Void of Responsibility, Sept. 2010

Sept. 2010, Comprehensive report

From the beginning of the first intifada, in December 1987, to the outbreak of the second intifada, in September 2000, the Military Police Investigation Unit (MPIU) investigated almost every case in which Palestinians not taking part in hostilities were killed. At the beginning of the second intifada, the Judge Advocate General's Office announced that it was defining the situation in the Occupied Territories an “armed conflict,” and that investigations would be opened only in exceptional cases, in which there was a suspicion that a criminal offense had been committed. This policy, which led to a significant drop in MPIU investigations of homicide cases, ignored the varying character of the army's actions in the Occupied Territories, and treated every act carried out by soldiers as a combat action, even in cases when these acts bear the clear hallmarks of a policing action.

The primary tool used to determine whether to open an MPIU investigation is the operational inquiry, whose principal purpose is to learn lessons to improve operational activity in the future, and not to identify persons responsible for past failings. In November 2005, in the framework of a hearing on a petition filed by B'Tselem and the Association for Civil Rights in Israel objecting to the policy of not opening MPIU investigations, the army instituted a procedure calling for preliminary investigation, within a limited period of time, of cases in which Palestinians not taking part in hostilities were killed. However, the procedure did not set a time framework for making decisions whether to order an MPIU investigation or to prosecute alleged offenders. As a result, these decisions may be delayed months, even years, thus preventing effective handling of suspected criminal acts within a reasonable time from the day that the incident occurred. The establishment, in 2007, of the Office of the Judge Advocate for Operational Matters, which was intended to improve the efficiency in handling complaints and reduce the handling time, did not bring about significant change.

During the period covered by the report (2006-2009), B'Tselem made a demand for an MPIU investigation in 148 cases. The Judge Advocate General's Office ordered an MPIU investigation in only 22 cases. In 36.3 percent of the cases in which an MPIU investigation was opened, the investigation did not begin until a year or more after the incident occurred. Where an MPIU investigation was carried out, two ended with the Judge Advocate General's Office's decision to close the file without prosecution; the others await decision. In 95 cases, 1 6 of which date from 2006, preliminary handling by the Judge Advocate General's Office has not been completed, and B'Tselem has not been informed whether an MPIU investigation will be ordered.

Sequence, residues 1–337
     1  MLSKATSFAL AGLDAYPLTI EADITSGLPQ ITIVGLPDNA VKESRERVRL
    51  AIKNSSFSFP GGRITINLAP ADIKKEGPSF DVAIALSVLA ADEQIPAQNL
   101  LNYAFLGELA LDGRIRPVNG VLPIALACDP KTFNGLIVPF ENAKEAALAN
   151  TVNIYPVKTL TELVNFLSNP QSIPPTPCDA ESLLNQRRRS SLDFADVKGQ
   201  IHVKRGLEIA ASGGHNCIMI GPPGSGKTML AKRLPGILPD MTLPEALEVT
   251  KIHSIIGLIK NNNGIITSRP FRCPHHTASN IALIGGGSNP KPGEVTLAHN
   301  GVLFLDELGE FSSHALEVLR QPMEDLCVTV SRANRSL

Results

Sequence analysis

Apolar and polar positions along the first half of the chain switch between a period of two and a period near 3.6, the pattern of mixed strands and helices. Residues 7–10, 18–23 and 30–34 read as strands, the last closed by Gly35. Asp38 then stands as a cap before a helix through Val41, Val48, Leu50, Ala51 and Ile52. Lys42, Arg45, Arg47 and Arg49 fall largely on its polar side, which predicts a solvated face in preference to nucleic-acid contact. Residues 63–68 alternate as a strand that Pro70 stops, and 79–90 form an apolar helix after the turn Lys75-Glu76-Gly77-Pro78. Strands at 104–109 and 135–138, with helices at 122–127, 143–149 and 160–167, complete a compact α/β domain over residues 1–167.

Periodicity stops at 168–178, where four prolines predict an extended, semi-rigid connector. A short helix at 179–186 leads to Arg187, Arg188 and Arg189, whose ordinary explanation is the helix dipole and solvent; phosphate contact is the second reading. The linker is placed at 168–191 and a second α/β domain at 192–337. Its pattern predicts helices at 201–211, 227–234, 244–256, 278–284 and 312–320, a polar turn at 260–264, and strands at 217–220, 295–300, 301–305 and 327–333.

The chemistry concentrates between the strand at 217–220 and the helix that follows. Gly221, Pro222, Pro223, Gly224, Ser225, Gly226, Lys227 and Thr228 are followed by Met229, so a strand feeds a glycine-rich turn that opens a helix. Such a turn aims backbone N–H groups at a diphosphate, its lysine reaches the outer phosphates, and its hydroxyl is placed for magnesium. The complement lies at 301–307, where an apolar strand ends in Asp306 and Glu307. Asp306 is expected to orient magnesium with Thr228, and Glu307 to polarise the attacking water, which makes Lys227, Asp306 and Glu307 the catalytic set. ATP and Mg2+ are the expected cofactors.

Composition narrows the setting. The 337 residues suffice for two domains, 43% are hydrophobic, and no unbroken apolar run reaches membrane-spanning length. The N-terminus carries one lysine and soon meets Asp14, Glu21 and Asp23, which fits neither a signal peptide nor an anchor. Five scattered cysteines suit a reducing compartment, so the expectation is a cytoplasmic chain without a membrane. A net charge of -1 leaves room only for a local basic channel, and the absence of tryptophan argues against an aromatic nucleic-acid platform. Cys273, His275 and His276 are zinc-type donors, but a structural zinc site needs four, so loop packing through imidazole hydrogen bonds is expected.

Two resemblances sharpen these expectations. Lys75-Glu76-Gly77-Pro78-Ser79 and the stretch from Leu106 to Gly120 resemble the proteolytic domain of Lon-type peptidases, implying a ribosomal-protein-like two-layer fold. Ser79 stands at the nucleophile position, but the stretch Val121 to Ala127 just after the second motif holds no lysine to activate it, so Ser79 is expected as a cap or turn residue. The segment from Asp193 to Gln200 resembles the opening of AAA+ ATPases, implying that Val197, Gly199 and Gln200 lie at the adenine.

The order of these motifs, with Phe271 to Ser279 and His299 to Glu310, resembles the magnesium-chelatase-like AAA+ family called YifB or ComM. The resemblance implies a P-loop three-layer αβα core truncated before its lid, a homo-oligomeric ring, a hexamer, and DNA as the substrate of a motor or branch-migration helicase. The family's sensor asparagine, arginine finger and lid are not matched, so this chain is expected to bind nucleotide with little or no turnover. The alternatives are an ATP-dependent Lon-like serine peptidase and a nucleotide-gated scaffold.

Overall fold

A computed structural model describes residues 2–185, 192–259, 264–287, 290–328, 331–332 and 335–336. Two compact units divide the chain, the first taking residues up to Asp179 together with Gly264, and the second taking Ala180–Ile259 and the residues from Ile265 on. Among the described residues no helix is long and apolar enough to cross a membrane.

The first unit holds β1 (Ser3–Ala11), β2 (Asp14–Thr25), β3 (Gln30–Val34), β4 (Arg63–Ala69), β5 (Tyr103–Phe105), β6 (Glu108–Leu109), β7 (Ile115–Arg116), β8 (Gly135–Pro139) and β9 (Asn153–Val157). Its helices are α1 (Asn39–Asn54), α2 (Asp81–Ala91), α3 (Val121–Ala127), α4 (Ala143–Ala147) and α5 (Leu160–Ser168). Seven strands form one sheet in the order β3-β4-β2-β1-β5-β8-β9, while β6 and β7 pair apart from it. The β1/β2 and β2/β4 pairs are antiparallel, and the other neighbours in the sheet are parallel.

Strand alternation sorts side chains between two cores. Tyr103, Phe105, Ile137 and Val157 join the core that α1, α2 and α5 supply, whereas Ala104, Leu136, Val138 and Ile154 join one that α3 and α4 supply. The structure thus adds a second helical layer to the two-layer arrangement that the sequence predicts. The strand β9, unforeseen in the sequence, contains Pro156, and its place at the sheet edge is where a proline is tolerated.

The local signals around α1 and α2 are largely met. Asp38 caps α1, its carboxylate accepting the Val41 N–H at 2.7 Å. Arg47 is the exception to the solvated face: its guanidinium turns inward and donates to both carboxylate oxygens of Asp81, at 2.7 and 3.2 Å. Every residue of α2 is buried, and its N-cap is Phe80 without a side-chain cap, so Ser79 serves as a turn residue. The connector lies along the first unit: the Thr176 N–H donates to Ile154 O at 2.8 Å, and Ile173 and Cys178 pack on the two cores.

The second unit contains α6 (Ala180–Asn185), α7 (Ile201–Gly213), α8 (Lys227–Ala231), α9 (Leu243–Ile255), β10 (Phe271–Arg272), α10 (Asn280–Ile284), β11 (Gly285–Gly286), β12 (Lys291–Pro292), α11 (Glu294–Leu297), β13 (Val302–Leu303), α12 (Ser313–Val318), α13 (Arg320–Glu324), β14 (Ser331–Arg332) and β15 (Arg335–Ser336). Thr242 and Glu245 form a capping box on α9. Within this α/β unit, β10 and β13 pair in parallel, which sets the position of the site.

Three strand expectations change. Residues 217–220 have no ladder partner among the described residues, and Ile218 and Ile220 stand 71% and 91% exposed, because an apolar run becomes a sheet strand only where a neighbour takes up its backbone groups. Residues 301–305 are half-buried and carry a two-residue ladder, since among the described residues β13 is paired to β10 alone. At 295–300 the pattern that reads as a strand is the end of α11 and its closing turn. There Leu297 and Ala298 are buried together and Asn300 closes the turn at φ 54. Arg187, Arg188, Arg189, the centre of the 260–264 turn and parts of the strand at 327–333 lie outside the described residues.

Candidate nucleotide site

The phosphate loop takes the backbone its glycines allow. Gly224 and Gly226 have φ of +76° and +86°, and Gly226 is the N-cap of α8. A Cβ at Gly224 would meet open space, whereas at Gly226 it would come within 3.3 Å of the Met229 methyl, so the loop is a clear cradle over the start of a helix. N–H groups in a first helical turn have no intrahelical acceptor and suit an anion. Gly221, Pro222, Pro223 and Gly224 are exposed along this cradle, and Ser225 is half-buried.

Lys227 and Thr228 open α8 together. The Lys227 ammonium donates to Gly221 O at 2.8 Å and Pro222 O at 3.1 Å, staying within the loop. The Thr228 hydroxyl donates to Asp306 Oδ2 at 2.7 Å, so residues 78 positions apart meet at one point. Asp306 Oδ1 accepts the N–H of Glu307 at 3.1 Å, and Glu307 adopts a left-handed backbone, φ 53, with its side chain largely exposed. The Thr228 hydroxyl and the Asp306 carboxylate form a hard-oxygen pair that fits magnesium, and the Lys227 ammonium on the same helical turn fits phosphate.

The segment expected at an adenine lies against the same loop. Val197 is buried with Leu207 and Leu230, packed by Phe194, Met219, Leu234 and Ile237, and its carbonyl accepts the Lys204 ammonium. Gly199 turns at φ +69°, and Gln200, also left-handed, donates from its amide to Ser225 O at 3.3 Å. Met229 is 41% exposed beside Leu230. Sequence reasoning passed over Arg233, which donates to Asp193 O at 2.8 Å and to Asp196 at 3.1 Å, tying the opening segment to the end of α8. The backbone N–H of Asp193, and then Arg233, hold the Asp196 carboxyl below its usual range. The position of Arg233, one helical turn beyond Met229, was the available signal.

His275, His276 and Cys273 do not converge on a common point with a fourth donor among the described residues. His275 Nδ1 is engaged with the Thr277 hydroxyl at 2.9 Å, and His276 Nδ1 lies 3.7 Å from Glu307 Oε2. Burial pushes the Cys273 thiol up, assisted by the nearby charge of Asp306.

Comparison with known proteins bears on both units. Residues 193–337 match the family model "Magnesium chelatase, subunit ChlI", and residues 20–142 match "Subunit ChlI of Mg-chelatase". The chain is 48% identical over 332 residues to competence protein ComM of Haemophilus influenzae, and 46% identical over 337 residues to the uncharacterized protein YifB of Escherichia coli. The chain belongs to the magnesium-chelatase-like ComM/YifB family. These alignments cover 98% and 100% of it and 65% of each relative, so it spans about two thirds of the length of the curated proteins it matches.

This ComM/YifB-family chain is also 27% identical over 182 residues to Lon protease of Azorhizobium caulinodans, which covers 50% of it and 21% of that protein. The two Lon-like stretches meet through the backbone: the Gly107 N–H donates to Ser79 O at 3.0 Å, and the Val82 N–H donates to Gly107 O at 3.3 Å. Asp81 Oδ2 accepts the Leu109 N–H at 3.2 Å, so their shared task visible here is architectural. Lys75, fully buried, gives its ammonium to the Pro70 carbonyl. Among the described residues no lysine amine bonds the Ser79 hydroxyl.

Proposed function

The lack of a decision in the vast majority of cases make it impossible to determine the considerations the Judge Advocate General's Office takes into account in deciding whether to order an MPIU investigation or to close the file. To explore the considerations, the report analyzes a number of instances in which the decision was made not to open an MPIU investigation and finds that MPIU investigations were not opened also in cases in which there was a serious suspicion of clear breach of international humanitarian law. Also, it seems that the interpretation of the circumstances of the incident is based solely on the results of the operational inquiry and the testimonies of the soldiers, and not on other eyewitness testimony and evidence that conflicts with the soldiers' description of the incident.

B'Tselem protests the sweeping classification of the situation in the Occupied Territories as an “armed conflict,” which effectively grants immunity to soldiers and officers, with the result that soldiers who kill Palestinians not taking part in hostilities are almost never held accountable for their misdeeds. By acting in this way, the army fails to meet its obligation to take all feasible measures to reduce injury to civilians, allows soldiers and officers to violate the law, encourages a trigger-happy attitude, and shows gross disregard for human life.